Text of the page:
"Microsoft has been playing catch up for years in terms of its first-party game dev capabilities," said IDC's Lewis Ward. "I think it did make more noise on this front this year than in the past several years. At the end of the day it's investing in talent, so this isn't just about the next game due out from these studios, but what ideas they have for their next two or three titles. These acquisitions will be judged smart or dumb years from now based on the sustained quality, or lack thereof, from these studios."
For ICO Partners, the Xbox E3 briefing was a statement from Microsoft that the years of strategic back-pedalling and apparent first-party retrenchment are over.
"We finally have signs that Microsoft will come out of its self-imposed damage control position," he said. "Of course, Microsoft would never admit it, but the last couple of years it was not very ambitious. They had a number of projects that to me looked like stop-gap solutions, a very limited number of proper exclusives, and while it gave us the brilliant Cuphead, it did very little to prevent the Xbox being steamrolled by the Playstation 4 and the Nintendo Switch in sales numbers.
"Microsoft would never admit it, but the last couple of years it was not very ambitious"
"Microsoft's internal production capacity had diminished over the years, and for multiple studios to be acquired in a short timeframe, and for those acquisitions to make it to the E3 stage, Microsoft must have something brewing to turn the trend around. the fact it coincides with the first murmurs of new hardware seems to match with this notion.
"I am looking forward to Microsoft doing more than the expected minimum in the coming two years if these signs are indicative of what's to come."
Newzoo's Tom Wijman poured a little cold water on the enthusiasm that has greeted Microsoft's expanded roster of studios. Playground Games and Undead Labs were already integral to the company's first-party output, which was widely agreed to be lacking in both variety and quality. The two genuinely new additions are Ninja Theory and We Happy Few developer Compulsion Games, and the latter case, "there is no guarantee that they will be able to transition to full-blown AAA releases." This is all the more relevant given that modern AAA games are often services that require "support for years to come."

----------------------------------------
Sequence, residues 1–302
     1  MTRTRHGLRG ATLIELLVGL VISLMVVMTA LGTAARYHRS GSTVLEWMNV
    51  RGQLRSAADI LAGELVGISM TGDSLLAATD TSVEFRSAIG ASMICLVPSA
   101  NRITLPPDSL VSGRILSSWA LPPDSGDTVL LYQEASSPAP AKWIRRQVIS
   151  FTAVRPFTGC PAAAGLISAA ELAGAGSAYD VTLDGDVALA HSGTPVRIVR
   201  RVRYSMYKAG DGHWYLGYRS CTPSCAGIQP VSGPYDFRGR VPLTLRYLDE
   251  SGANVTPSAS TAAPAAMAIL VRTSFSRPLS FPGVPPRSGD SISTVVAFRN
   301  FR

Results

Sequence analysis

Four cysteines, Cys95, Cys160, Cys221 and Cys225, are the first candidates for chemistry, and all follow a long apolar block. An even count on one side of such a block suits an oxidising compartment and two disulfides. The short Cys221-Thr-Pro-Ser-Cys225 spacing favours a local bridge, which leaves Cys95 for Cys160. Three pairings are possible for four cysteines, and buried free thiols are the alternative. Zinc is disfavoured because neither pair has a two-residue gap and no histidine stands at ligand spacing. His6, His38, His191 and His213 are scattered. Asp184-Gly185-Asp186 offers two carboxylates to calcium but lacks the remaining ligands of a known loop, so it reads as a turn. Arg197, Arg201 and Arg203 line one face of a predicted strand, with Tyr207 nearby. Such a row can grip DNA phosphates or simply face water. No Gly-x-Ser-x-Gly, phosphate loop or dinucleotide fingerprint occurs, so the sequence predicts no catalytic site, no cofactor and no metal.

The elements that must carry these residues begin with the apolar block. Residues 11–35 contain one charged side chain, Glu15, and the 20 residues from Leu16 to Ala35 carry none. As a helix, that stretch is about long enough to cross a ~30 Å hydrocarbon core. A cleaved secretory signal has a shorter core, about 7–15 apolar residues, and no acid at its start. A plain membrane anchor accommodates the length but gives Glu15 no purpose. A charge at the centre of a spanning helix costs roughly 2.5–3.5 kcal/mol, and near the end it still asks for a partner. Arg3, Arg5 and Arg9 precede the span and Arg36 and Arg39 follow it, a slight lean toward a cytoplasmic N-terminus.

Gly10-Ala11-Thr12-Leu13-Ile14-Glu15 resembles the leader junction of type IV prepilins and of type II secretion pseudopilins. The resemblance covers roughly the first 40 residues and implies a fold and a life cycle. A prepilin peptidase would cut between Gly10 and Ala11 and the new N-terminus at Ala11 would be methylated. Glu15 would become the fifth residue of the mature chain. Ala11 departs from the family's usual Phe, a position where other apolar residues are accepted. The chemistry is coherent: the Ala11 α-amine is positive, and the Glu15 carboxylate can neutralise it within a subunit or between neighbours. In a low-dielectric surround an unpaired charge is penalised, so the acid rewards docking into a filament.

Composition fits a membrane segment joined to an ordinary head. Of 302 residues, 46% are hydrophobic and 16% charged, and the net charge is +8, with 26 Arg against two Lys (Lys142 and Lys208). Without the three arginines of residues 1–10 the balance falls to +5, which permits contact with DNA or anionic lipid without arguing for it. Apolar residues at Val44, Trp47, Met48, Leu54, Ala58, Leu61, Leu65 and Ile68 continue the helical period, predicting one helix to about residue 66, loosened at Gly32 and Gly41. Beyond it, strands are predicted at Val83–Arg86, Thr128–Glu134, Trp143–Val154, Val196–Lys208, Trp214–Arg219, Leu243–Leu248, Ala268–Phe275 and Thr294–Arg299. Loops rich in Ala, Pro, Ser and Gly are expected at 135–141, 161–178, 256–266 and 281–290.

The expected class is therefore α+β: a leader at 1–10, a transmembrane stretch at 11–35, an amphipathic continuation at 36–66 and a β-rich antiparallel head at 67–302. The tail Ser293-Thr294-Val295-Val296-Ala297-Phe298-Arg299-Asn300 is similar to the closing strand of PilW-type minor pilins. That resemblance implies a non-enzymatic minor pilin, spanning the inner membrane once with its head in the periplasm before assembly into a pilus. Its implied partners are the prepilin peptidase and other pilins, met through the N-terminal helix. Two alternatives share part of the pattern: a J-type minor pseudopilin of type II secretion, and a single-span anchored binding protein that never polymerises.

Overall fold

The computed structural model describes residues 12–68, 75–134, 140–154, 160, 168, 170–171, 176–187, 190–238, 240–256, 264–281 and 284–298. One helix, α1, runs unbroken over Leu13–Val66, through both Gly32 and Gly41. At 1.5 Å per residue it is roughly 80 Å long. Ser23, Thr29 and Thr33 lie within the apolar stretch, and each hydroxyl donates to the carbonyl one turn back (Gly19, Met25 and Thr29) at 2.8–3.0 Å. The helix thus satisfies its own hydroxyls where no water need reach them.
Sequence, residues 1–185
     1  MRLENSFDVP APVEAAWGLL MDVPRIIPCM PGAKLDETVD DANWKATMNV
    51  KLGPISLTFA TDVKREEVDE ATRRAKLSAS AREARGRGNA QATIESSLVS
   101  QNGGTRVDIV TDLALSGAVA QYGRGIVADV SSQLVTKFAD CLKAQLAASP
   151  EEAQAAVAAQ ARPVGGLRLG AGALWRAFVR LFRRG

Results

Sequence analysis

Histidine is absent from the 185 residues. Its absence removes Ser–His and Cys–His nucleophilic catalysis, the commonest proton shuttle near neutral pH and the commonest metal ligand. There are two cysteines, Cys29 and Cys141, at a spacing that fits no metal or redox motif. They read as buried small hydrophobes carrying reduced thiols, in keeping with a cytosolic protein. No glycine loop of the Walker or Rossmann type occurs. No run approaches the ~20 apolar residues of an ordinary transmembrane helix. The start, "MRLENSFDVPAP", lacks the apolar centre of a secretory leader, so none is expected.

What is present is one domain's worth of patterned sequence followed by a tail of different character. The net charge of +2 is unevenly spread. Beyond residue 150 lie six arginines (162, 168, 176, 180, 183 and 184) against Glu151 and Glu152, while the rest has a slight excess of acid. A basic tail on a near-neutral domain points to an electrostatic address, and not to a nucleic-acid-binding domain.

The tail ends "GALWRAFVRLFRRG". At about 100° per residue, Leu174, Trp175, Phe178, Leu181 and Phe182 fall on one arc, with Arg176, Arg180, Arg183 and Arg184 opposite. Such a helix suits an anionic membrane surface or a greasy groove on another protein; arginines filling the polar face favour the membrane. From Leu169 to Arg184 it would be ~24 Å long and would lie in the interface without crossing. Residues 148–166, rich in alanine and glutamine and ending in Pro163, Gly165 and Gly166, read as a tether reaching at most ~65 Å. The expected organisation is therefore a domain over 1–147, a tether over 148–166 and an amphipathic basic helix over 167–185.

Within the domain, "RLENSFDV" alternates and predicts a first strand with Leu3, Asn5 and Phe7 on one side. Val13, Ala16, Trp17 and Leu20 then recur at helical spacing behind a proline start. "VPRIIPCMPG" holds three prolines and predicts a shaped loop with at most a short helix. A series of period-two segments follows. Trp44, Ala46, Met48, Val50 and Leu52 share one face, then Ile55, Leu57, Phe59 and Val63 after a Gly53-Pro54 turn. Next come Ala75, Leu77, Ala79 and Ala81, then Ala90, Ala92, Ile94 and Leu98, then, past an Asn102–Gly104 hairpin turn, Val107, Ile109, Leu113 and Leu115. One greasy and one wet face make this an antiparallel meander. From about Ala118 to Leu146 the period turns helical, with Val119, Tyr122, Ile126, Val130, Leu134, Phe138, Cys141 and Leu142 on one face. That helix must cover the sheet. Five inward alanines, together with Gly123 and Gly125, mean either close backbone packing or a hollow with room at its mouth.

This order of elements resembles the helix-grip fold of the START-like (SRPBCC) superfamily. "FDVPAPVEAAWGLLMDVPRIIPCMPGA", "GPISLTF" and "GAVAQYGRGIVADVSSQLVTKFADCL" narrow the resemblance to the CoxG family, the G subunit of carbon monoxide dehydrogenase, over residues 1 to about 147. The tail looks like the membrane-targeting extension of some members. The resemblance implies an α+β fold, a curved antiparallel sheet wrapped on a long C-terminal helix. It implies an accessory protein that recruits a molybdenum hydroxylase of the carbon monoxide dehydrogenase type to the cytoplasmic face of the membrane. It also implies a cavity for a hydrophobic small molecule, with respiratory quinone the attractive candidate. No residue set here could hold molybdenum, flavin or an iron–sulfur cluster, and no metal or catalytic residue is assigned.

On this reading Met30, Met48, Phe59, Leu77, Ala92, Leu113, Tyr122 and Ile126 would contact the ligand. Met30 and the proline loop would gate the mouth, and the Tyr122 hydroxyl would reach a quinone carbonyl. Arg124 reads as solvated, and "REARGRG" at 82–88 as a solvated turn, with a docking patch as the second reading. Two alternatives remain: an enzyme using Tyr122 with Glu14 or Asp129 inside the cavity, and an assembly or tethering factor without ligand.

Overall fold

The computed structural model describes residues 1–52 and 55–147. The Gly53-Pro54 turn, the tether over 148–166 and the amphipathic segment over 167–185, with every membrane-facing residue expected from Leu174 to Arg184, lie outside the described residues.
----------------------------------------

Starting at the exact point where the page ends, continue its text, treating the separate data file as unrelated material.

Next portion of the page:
Whether you are optimistic or pessimistic about the enlarged family of studios, though, E3 was a welcome sign that Microsoft sees the games business as a long-term concern. As David Cole of DFC Intelligence pointed out, the company's time under CEO Satya Nadella has been incredibly successful, and that success owes very little to games. Indeed, the games business is something of an outlier at Microsoft, and it certainly wasn't safe from being cut or drastically reduced.
"Microsoft has been focusing on business-to-business services and shutting down many of its consumer-facing products," Cole said. "The game business is the major consumer entertainment dedicated business left for Microsoft.
"The good news is that going forward Microsoft seems committed to the space. In recent years, it has cut back on internal development and it really hurt them in the battle with Sony. The fact that Microsoft is beefing up its internal development is a good sign that the company plans to stay in the game business for the long haul."